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Lower Back Pain during Period: Causes, Diagnosis, and Treatment

For most women symptoms of bloating, headaches and abdominal pain may accompany menstruation. Some women may also have lower back pain during period, which is quite a common symptom. This pain often forms a part of the premenstrual syndrome (PMS) symptoms. Less commonly, it may occur as a result of other diseases such as endometriosis.
woman rubbing the muscles of her lower back

The back pain with period may range from mild discomfort to more debilitating pain that may interfere with your daily activities. Back pain during period may start a few days before the beginning of your menses and get better after the menses are over. It is typically muscular in nature and caused by hormonal changes. Let’s discuss how to manage severe lower back pain during period, as well as before and after it.

Causes of lower back pain during period

Lower back pain during period is usually muscular and caused by hormonal changes. Prostaglandins are chemicals a woman's body produces that cause many of the symptoms associated with menstrual discomfort. The tissue that lines the uterus makes these chemicals.  They stimulate contraction of the uterine muscles so that the uterine lining is shed during menstruation. Prostaglandins also cause the symptoms of menstrual cramps and discomfort. Heavy contractions can lead to low back pain, as the pain can radiate from the lower abdomen into the low back. Women with high prostaglandin levels may experience severe menstrual cramps and also severe back pain during period. Prostaglandins may also cause symptoms of vomiting, headaches, and diarrhea that accompany dysmenorrhea or painful menstruation.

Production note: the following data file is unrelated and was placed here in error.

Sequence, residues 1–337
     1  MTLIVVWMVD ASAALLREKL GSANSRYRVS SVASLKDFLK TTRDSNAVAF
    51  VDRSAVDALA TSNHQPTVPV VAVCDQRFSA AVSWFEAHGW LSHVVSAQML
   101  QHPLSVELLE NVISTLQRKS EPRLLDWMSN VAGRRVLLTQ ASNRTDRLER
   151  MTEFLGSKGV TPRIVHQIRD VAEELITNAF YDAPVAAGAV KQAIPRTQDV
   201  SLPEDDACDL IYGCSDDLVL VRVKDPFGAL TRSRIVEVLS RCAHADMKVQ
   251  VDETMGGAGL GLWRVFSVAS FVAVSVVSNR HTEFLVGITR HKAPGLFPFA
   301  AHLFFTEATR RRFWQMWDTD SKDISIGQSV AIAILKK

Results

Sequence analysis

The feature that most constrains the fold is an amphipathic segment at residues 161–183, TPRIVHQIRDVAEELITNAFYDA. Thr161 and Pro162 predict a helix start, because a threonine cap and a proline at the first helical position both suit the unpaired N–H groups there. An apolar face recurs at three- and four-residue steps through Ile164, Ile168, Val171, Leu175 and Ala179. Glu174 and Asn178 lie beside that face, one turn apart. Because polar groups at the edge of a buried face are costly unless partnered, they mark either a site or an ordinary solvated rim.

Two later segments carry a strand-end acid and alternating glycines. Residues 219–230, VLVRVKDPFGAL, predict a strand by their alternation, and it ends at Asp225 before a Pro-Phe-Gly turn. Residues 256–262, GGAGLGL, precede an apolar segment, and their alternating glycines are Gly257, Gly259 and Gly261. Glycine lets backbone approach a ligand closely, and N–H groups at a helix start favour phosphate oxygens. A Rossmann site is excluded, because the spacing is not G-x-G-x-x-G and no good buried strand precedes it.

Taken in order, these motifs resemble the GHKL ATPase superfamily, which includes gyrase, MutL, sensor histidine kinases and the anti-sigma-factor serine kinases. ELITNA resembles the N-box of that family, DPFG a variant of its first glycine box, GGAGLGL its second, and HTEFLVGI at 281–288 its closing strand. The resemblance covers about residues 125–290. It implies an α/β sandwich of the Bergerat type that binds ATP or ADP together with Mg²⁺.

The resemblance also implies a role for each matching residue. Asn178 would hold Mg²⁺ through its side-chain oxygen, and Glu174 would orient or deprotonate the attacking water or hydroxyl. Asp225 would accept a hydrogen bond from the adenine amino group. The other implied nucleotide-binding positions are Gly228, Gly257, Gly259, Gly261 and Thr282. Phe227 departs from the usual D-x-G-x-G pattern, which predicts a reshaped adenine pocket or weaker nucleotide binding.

Lower back pain: period or pregnant?

Though period and back pain go hand in hand, lower back pain may be a symptom of early pregnancy. It may be present in some women even before they miss their period or before a positive pregnancy test. The cause of back pain during pregnancy may be that the ligaments in your body naturally become softer and stretch to prepare you for labor. This can put a strain on the joints of your lower back and pelvis, which can cause back pain. Hence, when considering lower back pain — period or pregnancy, period pain may start a few days before your periods and subsides after your periods are over. You may get low back pain due to early pregnancy around the fourth week of your pregnancy. You may continue having the pain for weeks or months while you are pregnant. The symptom of back pain during pregnancy may be associated with other symptoms of early pregnancy such as light vaginal spotting or bleeding, nausea, and breast tenderness. If you know about your pregnancy and you have symptoms of heavy vaginal bleeding or watery discharge, visit your doctor immediately. It becomes especially important to not ignore these signs and symptoms if you have a history of early miscarriage.

Eat a healthy and nutritious diet. Keep a good posture to relieve back pain. Stay active to strengthen your back muscles. Apply heat pads to the painful areas and massage these areas lightly to soothe the pain. 

You may also get cramps and back pain due to ectopic pregnancy. During this condition, a fertilized egg attaches itself in a place other than inside the uterus, for instance, the fallopian tubes. The symptoms are abdominal cramps, lower back pain, abnormal bleeding, nausea and shoulder pain. Some women may have typical early pregnancy signs of sore breasts and nausea. 

woman practicing yoga, standing in upward facing dog exercise

Lower back pain a week before period: should you be worried?

Lower back pain a week before period may be a part of premenstrual syndrome (PMS). PMS is a combination of emotional, behavioral and physical symptoms that occur in a woman before her menses. Premenstrual symptoms may start around the 14th day of your menstrual cycle and last till 7 days after your menses have started. 

Cramping and back pain after period: what does it mean?

Cramping and lower back pain after period may occur due to the following causes: